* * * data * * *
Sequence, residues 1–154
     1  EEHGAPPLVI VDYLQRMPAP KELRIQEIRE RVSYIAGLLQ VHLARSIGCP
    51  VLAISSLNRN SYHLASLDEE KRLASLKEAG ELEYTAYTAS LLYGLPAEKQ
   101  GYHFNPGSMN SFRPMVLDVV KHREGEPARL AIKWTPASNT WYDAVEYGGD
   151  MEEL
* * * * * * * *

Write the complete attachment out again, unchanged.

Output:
Sequence, residues 1–154
     1  EEHGAPPLVI VDYLQRMPAP KELRIQEIRE RVSYIAGLLQ VHLARSIGCP
    51  VLAISSLNRN SYHLASLDEE KRLASLKEAG ELEYTAYTAS LLYGLPAEKQ
   101  GYHFNPGSMN SFRPMVLDVV KHREGEPARL AIKWTPASNT WYDAVEYGGD
   151  MEEL